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What is Common Sense Christianity?
- Simplicity the other side of Complexity -

F. Earle Fox
See also, The Bible & Truth-Seeking sermon;   Authority of the Bible in a Scientific World...
& Worldview Library; and especially the Master-Plan for the Road to Emmaus.

It has been said, "I would not give a plugged nickel for simplicity this side of complexity, but I would give a year's wages for simplicity the other side of complexity."   Some people have worked through the complexities of life to find the deep simplicities within them.  Hillsdale College has done that with politics and education generally (go to www.hillsdale.edu for their online courses on the Declaration of Independence and Constitution, and a new one on The Western Heritage).

Finding that simplicity the other side of complexity is the aim of the Road to Emmaus and Common Sense Christianity.  See the 3 Master Plans for the Road for starters.  Finding that simplicity is not "over simplifying", it is getting down to the real core of something, its ultimate presuppositions, which then reasonably explain the complexities.  The basic simplicities are usually metaphysical, those presuppositions which we all need to make common sense of the world around us.

Apologetics is the attempt to explain something, such as the Christian faith, reasonably.  There are many, many persons all through Christian history who have engaged in such a project -- with differing success.  The project of The Road to Emmaus is to help rewrite Biblical theology so that it can stand in the public arena to present its case in a compelling, common sense way, with no special appeals to blind faith, leaps in the dark, etc.  That is the Biblical way.  We must become truth-seekers before position-defenders.  Truth-seeking is the only way to a true, common sense position.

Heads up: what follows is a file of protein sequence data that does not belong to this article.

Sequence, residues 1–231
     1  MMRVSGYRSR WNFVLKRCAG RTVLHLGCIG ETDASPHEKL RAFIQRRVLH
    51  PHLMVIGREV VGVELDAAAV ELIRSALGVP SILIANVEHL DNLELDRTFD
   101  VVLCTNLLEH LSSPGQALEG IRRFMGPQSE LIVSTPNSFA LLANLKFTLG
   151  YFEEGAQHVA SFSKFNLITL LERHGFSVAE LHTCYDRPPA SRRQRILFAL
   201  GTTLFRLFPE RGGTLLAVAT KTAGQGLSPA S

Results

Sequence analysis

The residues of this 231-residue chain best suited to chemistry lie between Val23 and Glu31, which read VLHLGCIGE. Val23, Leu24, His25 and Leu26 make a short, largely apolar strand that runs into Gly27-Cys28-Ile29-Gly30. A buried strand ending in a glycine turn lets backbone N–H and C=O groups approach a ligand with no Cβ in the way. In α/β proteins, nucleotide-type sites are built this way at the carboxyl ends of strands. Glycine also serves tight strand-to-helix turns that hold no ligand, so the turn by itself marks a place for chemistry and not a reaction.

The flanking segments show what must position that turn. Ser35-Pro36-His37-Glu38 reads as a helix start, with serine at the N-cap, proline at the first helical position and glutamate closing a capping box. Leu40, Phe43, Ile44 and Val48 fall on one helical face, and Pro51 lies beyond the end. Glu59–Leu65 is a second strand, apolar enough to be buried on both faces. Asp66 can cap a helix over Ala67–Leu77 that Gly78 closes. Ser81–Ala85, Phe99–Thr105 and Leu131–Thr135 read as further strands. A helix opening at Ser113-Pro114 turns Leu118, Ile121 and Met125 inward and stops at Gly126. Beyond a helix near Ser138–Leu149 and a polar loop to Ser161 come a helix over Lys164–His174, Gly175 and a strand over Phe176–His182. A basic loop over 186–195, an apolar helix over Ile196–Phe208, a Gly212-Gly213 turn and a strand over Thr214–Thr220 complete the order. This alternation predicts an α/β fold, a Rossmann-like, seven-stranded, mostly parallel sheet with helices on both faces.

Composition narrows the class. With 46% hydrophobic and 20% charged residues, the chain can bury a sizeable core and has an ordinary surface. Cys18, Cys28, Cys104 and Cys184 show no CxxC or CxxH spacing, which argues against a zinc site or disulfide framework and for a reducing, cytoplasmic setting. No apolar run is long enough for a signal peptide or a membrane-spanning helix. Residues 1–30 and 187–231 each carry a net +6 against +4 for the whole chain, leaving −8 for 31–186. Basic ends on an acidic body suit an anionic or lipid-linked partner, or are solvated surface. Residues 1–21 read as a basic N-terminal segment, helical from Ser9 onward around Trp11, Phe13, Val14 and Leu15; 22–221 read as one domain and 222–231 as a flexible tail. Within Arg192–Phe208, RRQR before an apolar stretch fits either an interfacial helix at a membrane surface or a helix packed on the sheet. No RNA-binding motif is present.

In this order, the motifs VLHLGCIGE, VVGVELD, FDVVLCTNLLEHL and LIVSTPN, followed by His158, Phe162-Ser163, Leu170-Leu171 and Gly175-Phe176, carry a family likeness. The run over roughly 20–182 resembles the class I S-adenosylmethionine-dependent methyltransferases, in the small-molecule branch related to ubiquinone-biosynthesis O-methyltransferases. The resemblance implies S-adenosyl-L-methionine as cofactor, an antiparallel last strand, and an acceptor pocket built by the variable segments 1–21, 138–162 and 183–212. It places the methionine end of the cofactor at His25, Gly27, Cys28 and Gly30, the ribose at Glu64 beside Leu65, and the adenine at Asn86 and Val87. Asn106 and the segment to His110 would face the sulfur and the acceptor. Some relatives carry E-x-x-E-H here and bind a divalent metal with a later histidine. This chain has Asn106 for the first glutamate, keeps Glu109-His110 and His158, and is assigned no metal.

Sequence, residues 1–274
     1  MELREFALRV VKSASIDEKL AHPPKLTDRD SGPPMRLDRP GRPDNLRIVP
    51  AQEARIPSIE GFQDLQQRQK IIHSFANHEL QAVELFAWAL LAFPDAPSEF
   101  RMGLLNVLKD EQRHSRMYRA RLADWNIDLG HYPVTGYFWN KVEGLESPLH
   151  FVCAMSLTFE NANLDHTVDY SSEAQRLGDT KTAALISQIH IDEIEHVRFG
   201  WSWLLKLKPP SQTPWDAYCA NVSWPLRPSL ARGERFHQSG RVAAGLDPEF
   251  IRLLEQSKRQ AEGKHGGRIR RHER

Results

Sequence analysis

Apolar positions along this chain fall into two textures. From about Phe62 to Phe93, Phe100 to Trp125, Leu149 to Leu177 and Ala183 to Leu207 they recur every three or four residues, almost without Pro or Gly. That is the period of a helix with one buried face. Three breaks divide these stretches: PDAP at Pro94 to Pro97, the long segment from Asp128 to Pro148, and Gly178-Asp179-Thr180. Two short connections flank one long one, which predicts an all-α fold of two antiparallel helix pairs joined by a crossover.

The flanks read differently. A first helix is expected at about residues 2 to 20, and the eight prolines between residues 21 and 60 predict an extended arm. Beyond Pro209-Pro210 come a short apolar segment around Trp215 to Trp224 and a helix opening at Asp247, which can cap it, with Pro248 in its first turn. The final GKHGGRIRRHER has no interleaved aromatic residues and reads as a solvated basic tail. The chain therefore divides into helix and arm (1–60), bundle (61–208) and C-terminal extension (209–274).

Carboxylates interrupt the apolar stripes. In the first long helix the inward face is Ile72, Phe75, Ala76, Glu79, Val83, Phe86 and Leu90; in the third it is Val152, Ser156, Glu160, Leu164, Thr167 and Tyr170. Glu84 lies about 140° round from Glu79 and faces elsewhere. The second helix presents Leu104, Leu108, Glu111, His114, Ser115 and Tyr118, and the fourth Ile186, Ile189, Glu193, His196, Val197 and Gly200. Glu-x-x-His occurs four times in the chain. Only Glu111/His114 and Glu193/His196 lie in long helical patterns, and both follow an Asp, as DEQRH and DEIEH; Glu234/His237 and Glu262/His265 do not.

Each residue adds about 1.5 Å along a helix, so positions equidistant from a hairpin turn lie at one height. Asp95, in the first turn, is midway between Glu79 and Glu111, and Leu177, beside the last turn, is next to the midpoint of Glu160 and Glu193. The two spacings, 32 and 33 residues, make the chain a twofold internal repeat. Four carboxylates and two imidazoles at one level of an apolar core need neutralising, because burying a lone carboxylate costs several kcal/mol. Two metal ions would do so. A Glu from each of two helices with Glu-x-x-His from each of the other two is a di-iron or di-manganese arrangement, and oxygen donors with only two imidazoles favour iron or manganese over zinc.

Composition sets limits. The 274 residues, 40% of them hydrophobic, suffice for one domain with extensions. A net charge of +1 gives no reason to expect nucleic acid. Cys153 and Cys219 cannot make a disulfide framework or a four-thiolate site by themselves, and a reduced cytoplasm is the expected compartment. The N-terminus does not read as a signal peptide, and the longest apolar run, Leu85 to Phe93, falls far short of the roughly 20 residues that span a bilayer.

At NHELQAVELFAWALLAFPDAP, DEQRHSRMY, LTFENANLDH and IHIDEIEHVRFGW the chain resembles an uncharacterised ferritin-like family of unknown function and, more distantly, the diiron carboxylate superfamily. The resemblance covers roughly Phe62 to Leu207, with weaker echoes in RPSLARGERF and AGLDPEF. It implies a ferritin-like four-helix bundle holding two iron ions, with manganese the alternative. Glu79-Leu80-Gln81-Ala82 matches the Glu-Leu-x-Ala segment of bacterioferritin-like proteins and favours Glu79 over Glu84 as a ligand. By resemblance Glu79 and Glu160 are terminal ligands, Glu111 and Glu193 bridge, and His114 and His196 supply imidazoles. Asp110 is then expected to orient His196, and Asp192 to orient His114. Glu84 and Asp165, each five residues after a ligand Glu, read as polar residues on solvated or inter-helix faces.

Common sense Christianity rests on the notion that the basic entities of life are persons, not things, not atoms, quarks, or strings, but persons (see Personality, Empiricism, & God for the philosophical defense of this idea).

After the rise of science, things changed because science seemed (rightly) to have ways of examining things much more accurately and deeply.  It was feared by many (they rarely said it this way) that if they had an honest examination, there was a chance that the evidence might go against Biblical faith, creeds, etc.  So Christians tended to back up into arbitrary theories of intellectual and moral authority to respond to queries about the faith.  Science and reason were suspect for many Christians. 

That sometimes meant that they did not pay too much attention to clear logic or relevant empirical evidence.  They might simply examine the text of the Bible for their proofs.  If you are looking for what God might have said to the Hebrews at a certain time of their history, or other matters of the relationship between the Hebrews or early Christians with God, you had almost no recourse but to go to the Bible.  The Bible is the primary history of that relationship. 

But if you wanted to show that it is compellingly reasonable to believe that God exists, you will not find that kind of proof in the Bible.  One can make a blind leap of faith, which the Bible never recommends unless, at least, you are compelled by emergency circumstances to leap one direction or another. 

I do not believe that anything at all is infallible or inerrant other than God Himself, i.e., no created thing is infallible or inerrant.  The Bible gives a picture of the Biblical God, of the Biblical worldview, and of the Good News.  But it does not state a logical or an empirical argument to show belief in God to be reasonable.  Rather, it tells the history of the Hebrew and then Christian relationship with God.  The story is compelling because it does in fact reveal such a common sense God. 

It does provide evidence indirectly, in that some of the things that happen in the Bible cannot be explained apart from the existence of a God who intruded Himself into their history.  The existence of the Bible itself makes no sense unless the Hebrews had been visited by some such deity.  They themselves began as pagans (Abraham in or near Babylon), so their change to being worshipers of a wholly different and opposed kind of deity needs an explanation.  The best one by far is the one they themselves give -- that this new (to them) kind of God chose them.